Skin Cancer

Detecting And Treating Melanoma

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Team MoleMap Creator
Posted 03/10/13

There are three types of skin cancer: basal cell carcinoma, squamous cell carcinoma and melanoma. The latter, melanoma, is the most serious of these cancers. It can appear very suddenly and grow at an aggressive rate.

Due to this capacity for rapid growth, it is very important to detect melanoma in its earliest stages. If cancer patients do manage to catch this skin cancer at an early stage, they have a high rate of survival.

UNDERSTANDING MELANOMA

Melanoma bears its name due to the characteristically dark appearance of the tumors. Mela is a Greek term for the English word dark. Melanoma tumors usually lie on the skin’s surface.

One reason that this cancer manages to go unnoticed for long periods is its tumor’s physically similar appearance to moles or freckles. When people fail to distinguish between normal skin lesions and melanoma, the cancer may have time to grow under the skin and begin a much more dangerous stage of growth.

SIGNS OF MELANOMA

There are four characteristics of melanoma tumors that distinguish them from moles or freckles. They are usually asymmetric, with irregular borders that blur into the surrounding skin. While they are dark in nature, this coloring is uneven. Finally, a melanoma will increase in size.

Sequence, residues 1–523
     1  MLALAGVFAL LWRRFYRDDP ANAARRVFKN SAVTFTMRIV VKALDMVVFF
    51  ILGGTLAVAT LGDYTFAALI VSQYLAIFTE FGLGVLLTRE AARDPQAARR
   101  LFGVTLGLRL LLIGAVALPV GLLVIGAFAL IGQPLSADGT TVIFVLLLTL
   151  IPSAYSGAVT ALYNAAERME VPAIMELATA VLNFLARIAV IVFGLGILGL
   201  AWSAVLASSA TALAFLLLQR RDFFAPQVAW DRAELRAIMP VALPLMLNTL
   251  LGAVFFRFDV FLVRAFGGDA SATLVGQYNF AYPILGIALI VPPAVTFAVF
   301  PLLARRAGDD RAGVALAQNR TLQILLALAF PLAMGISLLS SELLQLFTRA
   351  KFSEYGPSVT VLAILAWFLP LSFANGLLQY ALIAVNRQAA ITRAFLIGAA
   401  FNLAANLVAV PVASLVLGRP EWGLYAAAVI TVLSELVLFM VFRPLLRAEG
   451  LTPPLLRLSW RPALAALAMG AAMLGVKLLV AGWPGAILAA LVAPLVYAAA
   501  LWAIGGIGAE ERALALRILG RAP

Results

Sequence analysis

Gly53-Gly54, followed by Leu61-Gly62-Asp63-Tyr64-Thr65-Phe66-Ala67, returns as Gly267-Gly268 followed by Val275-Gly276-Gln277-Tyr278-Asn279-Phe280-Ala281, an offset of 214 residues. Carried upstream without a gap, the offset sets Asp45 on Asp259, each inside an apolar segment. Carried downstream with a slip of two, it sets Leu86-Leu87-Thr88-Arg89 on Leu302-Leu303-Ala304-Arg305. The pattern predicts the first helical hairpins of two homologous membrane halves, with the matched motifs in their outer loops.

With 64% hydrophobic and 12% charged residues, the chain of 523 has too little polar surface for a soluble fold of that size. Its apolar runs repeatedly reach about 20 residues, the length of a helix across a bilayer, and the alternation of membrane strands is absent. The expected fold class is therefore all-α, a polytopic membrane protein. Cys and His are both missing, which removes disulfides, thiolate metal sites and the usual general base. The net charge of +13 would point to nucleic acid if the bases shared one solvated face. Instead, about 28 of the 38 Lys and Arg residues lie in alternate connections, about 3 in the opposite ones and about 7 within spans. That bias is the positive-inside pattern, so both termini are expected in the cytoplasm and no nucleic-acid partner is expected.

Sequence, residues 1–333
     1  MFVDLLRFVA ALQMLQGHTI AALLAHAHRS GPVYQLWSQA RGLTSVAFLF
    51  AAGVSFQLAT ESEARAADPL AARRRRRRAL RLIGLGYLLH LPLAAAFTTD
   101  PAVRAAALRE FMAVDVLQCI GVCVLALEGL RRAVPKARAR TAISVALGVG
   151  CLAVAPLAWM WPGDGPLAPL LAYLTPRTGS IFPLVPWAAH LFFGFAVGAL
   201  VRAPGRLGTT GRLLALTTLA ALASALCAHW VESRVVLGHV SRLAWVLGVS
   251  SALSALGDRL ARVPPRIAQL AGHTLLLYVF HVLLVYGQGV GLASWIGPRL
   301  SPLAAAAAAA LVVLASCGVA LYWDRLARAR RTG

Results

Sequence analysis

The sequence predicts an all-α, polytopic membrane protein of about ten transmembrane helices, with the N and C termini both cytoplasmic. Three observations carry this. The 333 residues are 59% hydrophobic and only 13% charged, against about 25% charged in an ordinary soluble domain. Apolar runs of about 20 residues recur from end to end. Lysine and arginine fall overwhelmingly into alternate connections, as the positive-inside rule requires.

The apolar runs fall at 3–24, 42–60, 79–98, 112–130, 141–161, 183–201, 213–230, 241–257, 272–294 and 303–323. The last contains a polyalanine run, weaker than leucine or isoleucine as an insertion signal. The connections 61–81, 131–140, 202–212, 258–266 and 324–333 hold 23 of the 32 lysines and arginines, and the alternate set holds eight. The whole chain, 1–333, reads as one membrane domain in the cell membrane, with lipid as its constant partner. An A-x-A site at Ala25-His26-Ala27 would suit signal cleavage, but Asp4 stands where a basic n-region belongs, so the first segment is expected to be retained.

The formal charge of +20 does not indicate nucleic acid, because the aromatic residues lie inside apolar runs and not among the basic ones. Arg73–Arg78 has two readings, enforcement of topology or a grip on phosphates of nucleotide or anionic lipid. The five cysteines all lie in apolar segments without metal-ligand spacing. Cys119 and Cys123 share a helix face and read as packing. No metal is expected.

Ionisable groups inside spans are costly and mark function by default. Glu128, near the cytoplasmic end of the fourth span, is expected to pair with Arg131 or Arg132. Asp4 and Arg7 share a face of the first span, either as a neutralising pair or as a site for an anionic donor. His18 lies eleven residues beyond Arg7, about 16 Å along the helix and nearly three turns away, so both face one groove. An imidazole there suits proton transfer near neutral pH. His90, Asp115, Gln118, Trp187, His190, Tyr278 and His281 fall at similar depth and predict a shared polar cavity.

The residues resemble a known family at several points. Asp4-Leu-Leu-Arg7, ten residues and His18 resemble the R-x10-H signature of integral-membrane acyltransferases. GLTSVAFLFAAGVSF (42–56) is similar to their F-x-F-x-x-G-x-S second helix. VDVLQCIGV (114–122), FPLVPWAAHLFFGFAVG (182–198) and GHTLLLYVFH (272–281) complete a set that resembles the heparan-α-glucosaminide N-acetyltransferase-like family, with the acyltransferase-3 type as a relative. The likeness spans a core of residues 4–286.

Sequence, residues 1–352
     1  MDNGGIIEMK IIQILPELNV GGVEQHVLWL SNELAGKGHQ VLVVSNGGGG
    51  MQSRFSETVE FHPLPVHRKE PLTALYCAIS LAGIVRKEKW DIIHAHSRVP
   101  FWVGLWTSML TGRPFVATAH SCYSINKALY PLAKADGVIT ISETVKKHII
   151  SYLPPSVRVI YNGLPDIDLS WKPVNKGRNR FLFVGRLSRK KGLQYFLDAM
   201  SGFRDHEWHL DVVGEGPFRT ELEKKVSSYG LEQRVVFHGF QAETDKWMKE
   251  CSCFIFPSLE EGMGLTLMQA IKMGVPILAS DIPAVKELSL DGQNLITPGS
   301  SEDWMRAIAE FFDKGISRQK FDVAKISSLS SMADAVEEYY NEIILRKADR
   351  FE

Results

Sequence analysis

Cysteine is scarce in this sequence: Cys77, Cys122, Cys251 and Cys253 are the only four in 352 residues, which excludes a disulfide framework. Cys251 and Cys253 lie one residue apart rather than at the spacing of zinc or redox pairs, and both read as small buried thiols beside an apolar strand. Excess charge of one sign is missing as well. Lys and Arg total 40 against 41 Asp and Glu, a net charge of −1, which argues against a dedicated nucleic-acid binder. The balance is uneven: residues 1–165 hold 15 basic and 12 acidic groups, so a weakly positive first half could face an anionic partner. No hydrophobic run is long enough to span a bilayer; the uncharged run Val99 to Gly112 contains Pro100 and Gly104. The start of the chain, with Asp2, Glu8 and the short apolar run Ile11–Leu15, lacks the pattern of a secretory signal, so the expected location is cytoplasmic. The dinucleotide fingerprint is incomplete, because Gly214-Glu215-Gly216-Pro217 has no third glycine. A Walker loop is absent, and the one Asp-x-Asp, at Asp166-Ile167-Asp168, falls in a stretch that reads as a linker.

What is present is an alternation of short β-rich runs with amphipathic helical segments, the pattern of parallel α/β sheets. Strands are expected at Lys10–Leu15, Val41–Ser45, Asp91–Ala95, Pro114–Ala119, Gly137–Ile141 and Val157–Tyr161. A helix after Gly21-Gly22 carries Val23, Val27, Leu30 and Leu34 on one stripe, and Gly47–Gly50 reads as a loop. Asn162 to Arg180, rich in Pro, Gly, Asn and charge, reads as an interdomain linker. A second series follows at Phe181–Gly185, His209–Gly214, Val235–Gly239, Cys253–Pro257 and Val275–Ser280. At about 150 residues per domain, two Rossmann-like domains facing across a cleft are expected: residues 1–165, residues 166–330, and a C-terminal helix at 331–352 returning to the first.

However, not all melanoma exhibit these physical traits. This cancer can appear much like a mole. If you see that you have a mole that is different in appearance than the others on your body, or if it itches and bleeds, you should seek a doctor’s opinion.

These tumors are usually caused by too much exposure to sunlight, though genetics do seem to play a role. This is why people are encouraged to wear sunblock when they are going to spend long periods in the sun. Avoiding long periods of exposure to the sun’s rays is the easiest way to prevent this skin cancer.

The standard medical response to melanoma detection is to excise the tumor surgically. This can be a successful form of treatment as long as the cancer has not spread beneath the skin. When this happens, other forms of cancer treatment, such as chemotherapy, may be necessary.